Most people think of COVID-19 as a lung disease. That’s a big part of the story. But now, as the pandemic stretches on, it’s clear there is another danger to worry about.
Many doctors assumed that once people recovered from COVID, they could carry on with their lives normally.
Two new studies show this may not be true. The disease may leave patients with lasting heart damage.
Both studies were published in the journal JAMA Cardiology.
The first looked at 100 COVID-19 patients. Most were healthy otherwise. None had severe cases of coronavirus. Some had no symptoms at all.
But 78% of them showed signs of heart damage.
Cardiologist Dr. Clyde Yancy wrote the editorial that accompanied the research. “Months after exposure to COVID-19, we can still detect evidence of a heart that’s not completely normal,” he said.
Even if the heart problems left behind by COVID are minor, they may get worse in the future, he added.
The second study examined the hearts of 39 people who died from coronavirus. The virus was still in the hearts of 24 of them. It was still replicating in five. The results clearly showed that the coronavirus infects the heart. 
The bottom line?
If you get coronavirus, even if you don’t get very sick, your heart may have lasting damage. And you may be more prone to heart ailments in the future.
And you won’t be alone.
At last count, roughly 4 million Americans have had coronavirus. And that is probably a substantial undercount. If this new research holds up, many millions of us could be left with some degree of heart damage from the pandemic.
4 Ways to Support Your Immune System
It’s more important than ever that you keep your body’s viral defense system in peak condition. Here are five ways to support immunity:
- Eat yogurt. It contains probiotics, “good” bacteria that keep us healthy in many ways, including by stimulating systemic immune response.
Be sure to get full-fat yogurt that contains live and active cultures. And avoid yogurt that has sugar or artificial sweeteners. Add a healthy fruit such as blueberries if you want flavoring.
- Take vitamin D. Dr. Malcolm Kendrick is a member of our Scientific Advisory Board at the Institute for Natural Healing. He advises patients to take 2,000 IUs of vitamin D daily during the coronavirus pandemic.
“A low vitamin D level is almost certainly why flu epidemics occur in winter months,” Dr. Kendrick said. He believes vitamin D is equally effective against the coronavirus.
A major 2017 study published in the British Medical Journal (BMJ) analyzed 25 clinical trials that tested vitamin D in 11,321 people. The data came from 14 countries, including the U.S., England, Japan, Australia, Canada, and Italy.
The study found that taking vitamin D supplements cuts in half the risk of getting respiratory infections caused by viruses.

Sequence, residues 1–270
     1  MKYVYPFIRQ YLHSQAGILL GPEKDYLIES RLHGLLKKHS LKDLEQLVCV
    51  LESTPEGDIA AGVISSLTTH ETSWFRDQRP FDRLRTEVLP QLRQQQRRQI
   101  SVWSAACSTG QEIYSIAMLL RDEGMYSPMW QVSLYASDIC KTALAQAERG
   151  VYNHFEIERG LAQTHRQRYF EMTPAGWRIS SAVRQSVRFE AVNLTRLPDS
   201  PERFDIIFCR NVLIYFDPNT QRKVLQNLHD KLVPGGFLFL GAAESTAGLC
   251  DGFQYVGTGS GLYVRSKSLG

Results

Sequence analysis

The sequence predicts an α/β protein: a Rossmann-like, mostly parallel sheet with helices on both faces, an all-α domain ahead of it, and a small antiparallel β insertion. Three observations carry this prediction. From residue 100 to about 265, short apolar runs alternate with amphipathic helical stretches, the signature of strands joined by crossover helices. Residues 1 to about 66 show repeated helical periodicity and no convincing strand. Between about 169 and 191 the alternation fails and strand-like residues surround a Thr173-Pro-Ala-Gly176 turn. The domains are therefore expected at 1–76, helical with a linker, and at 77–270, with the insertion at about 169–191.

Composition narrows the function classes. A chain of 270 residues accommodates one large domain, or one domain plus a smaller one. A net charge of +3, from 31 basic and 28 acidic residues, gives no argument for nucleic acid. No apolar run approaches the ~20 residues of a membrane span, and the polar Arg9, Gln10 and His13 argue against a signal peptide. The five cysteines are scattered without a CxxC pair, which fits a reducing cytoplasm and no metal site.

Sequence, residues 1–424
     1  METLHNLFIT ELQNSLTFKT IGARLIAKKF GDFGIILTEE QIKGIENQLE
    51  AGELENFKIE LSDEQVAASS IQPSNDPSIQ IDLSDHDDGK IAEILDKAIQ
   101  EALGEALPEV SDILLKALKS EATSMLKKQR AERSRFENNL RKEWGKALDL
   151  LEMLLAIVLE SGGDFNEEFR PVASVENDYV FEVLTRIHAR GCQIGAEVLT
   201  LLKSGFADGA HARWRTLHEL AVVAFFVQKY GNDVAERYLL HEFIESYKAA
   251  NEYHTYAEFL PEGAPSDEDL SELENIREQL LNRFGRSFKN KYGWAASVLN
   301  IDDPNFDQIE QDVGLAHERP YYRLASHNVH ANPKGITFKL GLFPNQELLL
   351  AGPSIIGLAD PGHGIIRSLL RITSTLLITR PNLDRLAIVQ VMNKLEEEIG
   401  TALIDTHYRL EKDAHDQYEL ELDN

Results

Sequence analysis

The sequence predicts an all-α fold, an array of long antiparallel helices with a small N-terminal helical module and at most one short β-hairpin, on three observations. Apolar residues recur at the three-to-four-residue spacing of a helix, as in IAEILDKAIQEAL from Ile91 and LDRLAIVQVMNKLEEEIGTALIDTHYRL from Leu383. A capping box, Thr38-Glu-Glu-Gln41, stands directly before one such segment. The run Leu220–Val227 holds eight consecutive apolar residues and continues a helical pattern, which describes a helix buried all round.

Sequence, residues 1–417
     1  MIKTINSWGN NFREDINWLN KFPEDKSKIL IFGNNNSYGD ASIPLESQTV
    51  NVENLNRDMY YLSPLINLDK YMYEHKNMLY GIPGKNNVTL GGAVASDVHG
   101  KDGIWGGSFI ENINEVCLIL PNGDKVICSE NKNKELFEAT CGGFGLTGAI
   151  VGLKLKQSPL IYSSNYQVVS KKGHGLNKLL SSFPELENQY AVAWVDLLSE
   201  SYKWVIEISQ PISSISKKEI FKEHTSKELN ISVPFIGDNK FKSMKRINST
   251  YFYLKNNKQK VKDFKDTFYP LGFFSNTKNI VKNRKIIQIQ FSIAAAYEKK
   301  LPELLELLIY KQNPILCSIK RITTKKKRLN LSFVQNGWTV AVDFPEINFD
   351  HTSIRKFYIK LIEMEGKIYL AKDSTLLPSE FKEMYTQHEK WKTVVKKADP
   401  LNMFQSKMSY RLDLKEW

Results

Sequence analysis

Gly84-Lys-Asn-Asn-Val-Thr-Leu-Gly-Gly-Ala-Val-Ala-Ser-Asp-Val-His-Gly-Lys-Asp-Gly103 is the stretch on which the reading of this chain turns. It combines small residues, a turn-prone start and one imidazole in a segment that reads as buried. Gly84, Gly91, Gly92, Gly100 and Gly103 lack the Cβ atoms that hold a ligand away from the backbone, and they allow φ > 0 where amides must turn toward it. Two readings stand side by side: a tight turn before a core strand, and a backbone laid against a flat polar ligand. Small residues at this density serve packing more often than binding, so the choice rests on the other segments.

Be sure to take the D3 version of the vitamin. It is more bioactive in your body than D2.
You can also raise your D levels by getting more sun exposure. Spend 15 minutes a day or more in direct sunlight (not through a window) with your arms and legs exposed, being careful not to burn.
- Take elderberry extract. A lab study at Australia’s University of Sydney tested elderberry extract on human cells infected with the flu virus.
The researchers found that the fruit extract fought the virus at multiple points. It stopped the initial infection and inhibited growth of the virus so it couldn’t spread.
A clinical study at Israel’s Hadassa University Hospitals Clinical Virology Laboratory confirmed that the results are valid in real-life settings. It divided patients with upper respiratory infections into two groups. Some were given elderberry syrup (Sambucol). The others got a placebo.[7
More than 93% of the elderberry group got significantly better in just two days. It took six days for the placebo group to start to recover.
Most studies used the syrup (Sambucol) form of elderberry. It is widely available online. Follow the directions on the label for dosage.
- Meditate. Dr. William Malarkey says meditation improves immunity by reducing stress hormones. He is an immunology professor emeritus at Ohio State University.
He explains that during times of stress, your body fires up adrenaline, norepinephrine, and cortisol.
The hormones help you rise to the challenge of facing an immediate threat, but at the cost of suppressing immunity.
A 2016 USC study found that meditation reduces stress hormones while increasing antibody response and immune cell count.
Mindfulness is a popular form of meditation because it’s so easy to do. You can learn how to do it here.
It’s clear now that the lungs aren’t the only major organs affected by COVID-19. Protect your heart by making sure your immune system can stand strong against the coronavirus.
Editor’s Note: Discover the single best supplement for stronger immunity… The fruit extract that helps 93% of people with respiratory viruses get better in just two days… The germ hotspot that most of us forget to sanitize. Find all this and more in Independent Healing’s Coronavirus Pandemic Guide. Go HERE.
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